Olmert to begin testifying in ongoing corruption trial
Over several court sessions, Olmert will respond to the three main charges against him: double-billing nonprofits for the same flights, receiving cash-filled envelopes, and improperly interfering in state decisions.
Former Prime Minister Ehud Olmert will begin testifying Tuesday in his ongoing corruption trial, in the Jerusalem District Court. He will be the first defense witness.
On Monday, the court turned down Olmert's request to postpone his testimony for two weeks for medical reasons.
Individuals close to the former premier said he does not intend to battle the prosecution from the witness stand.
"Olmert has already been through several [difficult] situations in his life, including ordeals even more stressful and more nerve-racking than this," said one. "He's not planning any fights or polemics. He has no intention of turning this into a boxing match, but will address [the charges] seriously."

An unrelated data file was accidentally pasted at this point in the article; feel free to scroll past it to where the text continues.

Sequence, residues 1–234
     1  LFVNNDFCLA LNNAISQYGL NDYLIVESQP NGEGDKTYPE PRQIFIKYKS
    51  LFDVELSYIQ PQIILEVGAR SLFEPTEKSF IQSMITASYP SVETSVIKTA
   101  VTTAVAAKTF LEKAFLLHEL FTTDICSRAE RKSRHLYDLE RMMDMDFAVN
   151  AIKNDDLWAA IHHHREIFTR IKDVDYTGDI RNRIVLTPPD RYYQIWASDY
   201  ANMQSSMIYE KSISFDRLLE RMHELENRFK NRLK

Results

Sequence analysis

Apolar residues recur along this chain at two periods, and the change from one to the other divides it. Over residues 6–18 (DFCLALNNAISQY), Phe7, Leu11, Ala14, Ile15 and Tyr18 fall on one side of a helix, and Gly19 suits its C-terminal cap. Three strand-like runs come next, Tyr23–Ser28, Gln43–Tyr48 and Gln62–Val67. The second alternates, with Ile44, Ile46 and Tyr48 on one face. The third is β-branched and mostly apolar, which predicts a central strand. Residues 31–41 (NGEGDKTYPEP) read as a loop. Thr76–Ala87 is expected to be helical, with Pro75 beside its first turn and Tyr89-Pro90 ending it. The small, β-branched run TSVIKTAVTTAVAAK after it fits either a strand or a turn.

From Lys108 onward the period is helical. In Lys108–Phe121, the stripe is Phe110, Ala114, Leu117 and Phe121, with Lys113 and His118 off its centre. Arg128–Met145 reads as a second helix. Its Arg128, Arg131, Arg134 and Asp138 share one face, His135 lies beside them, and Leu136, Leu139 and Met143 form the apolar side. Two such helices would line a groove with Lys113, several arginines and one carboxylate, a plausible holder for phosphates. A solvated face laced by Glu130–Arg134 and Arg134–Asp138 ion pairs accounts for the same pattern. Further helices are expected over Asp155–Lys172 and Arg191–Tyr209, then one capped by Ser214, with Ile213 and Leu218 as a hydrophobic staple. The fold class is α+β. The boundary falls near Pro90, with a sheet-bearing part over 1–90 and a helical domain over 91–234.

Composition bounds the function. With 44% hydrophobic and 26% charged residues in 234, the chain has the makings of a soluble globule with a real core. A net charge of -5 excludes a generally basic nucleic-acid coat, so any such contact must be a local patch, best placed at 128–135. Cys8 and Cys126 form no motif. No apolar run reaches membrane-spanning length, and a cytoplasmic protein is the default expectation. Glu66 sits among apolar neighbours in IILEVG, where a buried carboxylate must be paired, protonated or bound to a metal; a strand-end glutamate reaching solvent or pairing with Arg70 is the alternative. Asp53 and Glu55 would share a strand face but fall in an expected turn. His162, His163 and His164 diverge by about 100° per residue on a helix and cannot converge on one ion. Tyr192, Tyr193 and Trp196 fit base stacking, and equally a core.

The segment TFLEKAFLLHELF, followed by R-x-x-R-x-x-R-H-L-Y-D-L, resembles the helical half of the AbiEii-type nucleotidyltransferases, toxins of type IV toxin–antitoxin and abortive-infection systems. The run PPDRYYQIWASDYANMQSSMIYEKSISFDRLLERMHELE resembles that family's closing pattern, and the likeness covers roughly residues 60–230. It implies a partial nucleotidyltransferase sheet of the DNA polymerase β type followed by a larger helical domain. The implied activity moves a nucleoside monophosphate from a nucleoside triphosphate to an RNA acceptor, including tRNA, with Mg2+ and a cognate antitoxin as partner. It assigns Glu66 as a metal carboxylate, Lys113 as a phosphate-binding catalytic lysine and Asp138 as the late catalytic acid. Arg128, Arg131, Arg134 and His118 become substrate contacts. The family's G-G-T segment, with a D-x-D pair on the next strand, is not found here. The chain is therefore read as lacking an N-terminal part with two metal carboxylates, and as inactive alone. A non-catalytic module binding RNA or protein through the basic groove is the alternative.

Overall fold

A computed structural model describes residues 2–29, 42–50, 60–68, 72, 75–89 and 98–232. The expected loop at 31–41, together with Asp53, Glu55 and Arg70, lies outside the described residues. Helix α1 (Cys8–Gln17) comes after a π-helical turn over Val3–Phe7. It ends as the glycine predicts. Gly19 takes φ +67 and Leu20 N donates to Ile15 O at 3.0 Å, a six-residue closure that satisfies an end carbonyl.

Over several court sessions, Olmert will respond to the three main charges against him: double-billing nonprofits for the same overseas flights and using the surplus to fund personal vacations, receiving cash-filled envelopes from American Jewish businessman Morris Talansky, and improperly interfering in decisions at the Industry Ministry's Investment Center. Most of the alleged offenses occurred while he was either industry minister or finance minister.
Among the issues that Olmert is expected to be asked about is testimony by his good friend, attorney Uri Messer, who said he kept hundreds of thousands of shekels in cash for Olmert at a safe in his office, and by his travel planner, Rachael Risby-Raz, who said Olmert was fully aware of the double-billing.
The trial is expected to continue through the summer, at least.